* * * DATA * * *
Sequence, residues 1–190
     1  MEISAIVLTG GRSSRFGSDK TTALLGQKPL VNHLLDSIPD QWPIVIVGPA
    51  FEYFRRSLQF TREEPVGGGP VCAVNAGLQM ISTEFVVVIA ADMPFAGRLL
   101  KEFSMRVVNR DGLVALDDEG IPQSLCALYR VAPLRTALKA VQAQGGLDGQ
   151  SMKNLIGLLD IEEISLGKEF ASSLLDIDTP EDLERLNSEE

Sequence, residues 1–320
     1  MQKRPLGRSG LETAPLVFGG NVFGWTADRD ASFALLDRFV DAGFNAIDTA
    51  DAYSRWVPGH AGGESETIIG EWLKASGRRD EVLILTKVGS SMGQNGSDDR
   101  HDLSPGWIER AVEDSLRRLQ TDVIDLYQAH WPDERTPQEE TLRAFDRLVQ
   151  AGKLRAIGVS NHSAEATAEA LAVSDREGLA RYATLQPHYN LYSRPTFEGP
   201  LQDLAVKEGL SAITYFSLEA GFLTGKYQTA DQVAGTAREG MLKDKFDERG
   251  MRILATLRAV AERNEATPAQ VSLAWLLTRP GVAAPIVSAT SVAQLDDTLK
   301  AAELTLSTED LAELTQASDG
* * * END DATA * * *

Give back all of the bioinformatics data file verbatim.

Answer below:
Sequence, residues 1–190
     1  MEISAIVLTG GRSSRFGSDK TTALLGQKPL VNHLLDSIPD QWPIVIVGPA
    51  FEYFRRSLQF TREEPVGGGP VCAVNAGLQM ISTEFVVVIA ADMPFAGRLL
   101  KEFSMRVVNR DGLVALDDEG IPQSLCALYR VAPLRTALKA VQAQGGLDGQ
   151  SMKNLIGLLD IEEISLGKEF ASSLLDIDTP EDLERLNSEE

Sequence, residues 1–320
     1  MQKRPLGRSG LETAPLVFGG NVFGWTADRD ASFALLDRFV DAGFNAIDTA
    51  DAYSRWVPGH AGGESETIIG EWLKASGRRD EVLILTKVGS SMGQNGSDDR
   101  HDLSPGWIER AVEDSLRRLQ TDVIDLYQAH WPDERTPQEE TLRAFDRLVQ
   151  AGKLRAIGVS NHSAEATAEA LAVSDREGLA RYATLQPHYN LYSRPTFEGP
   201  LQDLAVKEGL SAITYFSLEA GFLTGKYQTA DQVAGTAREG MLKDKFDERG
   251  MRILATLRAV AERNEATPAQ VSLAWLLTRP GVAAPIVSAT SVAQLDDTLK
   301  AAELTLSTED LAELTQASDG